Without denying that point, Trump's critics argue that such a policy would be highly irregular and careless. "Whatever POTUS' 'powers' might be to declassify docs," former FBI agent Asha Rangappa says on Twitter, "there are good policy and practical reasons…to follow a process, and for that process to be documented and reflected on the document markings themselves."
Rangappa says "accountability" requires that declassification of a given document be justified by a rationale dealing with the national security implications, which "allows for objections from others if the reasoning is based on an incorrect premise." She also cites the need to protect intelligence sources from "blowback." In addition to "being dangerous and bad for [national security]," she says, automatic declassification of any documents that the president happens to remove from the Oval Office would cause "confusion and inefficiency and distortions in our intelligence collection, foreign policy, and defense efforts."
If "Trump telepathically declassifies hundreds of docs on his way out," Rangappa adds, President Joe Biden "can telepathically reclassify them immediately, too. See how stupid this gets? Markings would mean nothing. No one would know how to store things."
Accepting Trump's argument that any documents at Mar-a-Lago were ipso facto declassified, notwithstanding markings to the contrary, that information would be legally available not just to him but also to the general public, assuming there was no other statutory justification for restricting access. Unless classification decisions are utterly arbitrary or were clearly wrong with regard to every document that Trump retained, that seems like a pretty reckless way to handle sensitive material. But it would be of a piece with Trump's behavior as president, which reportedly included tearing up and flushing documents that were supposed to be preserved under the Presidential Records Act.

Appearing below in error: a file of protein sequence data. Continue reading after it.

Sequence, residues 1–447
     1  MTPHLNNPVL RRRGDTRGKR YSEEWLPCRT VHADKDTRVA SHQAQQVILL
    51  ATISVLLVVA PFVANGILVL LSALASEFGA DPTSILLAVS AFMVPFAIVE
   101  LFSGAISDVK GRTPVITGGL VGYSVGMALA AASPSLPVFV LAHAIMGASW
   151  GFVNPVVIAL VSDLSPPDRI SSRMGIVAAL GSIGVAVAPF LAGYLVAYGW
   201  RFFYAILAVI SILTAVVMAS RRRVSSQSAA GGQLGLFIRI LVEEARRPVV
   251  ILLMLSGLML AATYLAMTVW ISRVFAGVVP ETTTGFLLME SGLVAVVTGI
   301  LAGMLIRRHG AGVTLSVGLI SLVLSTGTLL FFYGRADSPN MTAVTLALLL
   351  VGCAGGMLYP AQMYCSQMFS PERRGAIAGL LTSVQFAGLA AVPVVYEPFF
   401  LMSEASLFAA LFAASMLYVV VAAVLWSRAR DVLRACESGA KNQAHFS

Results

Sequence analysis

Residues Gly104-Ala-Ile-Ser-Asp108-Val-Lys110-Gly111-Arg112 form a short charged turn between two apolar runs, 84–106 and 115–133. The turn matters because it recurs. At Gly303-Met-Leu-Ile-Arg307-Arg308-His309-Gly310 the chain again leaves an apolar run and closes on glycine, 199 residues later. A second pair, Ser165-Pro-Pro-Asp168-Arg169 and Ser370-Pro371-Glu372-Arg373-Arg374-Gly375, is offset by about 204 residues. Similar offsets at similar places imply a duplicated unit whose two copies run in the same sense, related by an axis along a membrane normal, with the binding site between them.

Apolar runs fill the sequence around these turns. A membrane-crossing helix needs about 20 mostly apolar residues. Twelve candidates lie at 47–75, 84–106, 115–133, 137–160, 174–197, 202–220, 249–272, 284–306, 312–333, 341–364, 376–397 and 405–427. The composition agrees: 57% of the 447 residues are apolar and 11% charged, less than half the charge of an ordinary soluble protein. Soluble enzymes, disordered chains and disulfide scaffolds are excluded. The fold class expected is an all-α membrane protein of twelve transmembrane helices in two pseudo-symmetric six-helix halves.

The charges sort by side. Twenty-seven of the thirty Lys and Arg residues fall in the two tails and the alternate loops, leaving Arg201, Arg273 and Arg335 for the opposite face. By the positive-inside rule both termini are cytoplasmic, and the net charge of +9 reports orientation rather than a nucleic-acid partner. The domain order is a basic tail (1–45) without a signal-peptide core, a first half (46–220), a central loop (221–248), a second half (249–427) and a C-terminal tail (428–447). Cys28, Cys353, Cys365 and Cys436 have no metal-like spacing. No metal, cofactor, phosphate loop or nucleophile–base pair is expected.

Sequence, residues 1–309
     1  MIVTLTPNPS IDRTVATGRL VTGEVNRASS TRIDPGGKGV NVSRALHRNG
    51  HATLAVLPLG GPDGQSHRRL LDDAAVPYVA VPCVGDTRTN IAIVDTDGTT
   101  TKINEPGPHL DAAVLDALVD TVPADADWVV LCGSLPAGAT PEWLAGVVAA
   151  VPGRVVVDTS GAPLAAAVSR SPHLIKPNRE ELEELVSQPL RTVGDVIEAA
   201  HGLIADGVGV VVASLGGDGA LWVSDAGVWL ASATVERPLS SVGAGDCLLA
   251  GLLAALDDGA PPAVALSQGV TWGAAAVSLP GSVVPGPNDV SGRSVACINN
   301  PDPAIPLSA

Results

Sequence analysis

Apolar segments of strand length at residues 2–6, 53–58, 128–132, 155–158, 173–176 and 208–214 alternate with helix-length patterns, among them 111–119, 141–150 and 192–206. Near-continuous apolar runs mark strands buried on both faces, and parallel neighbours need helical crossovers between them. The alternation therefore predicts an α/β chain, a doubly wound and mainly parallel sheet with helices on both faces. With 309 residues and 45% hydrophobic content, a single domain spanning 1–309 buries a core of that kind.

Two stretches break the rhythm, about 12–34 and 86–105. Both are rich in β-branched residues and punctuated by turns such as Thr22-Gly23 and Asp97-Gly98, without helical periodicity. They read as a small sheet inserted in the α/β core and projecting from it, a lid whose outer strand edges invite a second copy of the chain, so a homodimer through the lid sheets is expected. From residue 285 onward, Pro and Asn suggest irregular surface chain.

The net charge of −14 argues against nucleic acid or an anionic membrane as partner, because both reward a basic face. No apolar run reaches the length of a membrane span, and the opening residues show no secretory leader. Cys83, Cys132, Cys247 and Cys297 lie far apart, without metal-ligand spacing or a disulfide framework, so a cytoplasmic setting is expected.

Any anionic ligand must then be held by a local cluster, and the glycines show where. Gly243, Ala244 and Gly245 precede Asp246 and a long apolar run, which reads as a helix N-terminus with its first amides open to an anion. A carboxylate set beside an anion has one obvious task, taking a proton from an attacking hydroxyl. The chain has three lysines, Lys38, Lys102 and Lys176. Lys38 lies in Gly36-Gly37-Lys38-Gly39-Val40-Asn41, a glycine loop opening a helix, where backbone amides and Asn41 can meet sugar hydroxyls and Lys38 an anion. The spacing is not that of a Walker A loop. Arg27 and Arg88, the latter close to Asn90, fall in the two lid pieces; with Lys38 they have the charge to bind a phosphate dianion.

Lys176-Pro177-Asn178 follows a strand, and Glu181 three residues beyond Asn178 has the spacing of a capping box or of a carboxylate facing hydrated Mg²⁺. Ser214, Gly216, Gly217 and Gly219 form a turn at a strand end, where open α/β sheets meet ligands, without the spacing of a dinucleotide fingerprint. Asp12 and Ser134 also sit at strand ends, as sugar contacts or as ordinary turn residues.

The issues that critics like Rangappa raise go beyond the question of criminal liability. Let's say Trump's purported "standing order" means he is in the clear under 18 USC 793. Let's also stipulate that meeting the mens rea requirements for convicting him of obstruction or "willfully" concealing documents that belonged in the National Archives would be a tall order. Trump's behavior and excuses for it nevertheless provide further evidence, in case any was needed, that he is not the sort of person who can be trusted to hold any position of political power, let alone the presidency.
Back in 2016, when Trump was intent on making his opponent look bad, he claimed to be moved by the concerns of "long-term workers at the FBI," who he said were "furious" that Clinton got off with a wrist slap for recklessly endangering national security. Now that the shoe is on the other foot, Trump dismisses the FBI's avowed concerns as transparent excuses for the partisan "witch hunt" that supposedly has victimized him throughout his political career. One need not be a fan of the FBI to see that Trump's view of what qualifies as shameful and disgraceful is based on no principle beyond his petty personal interests.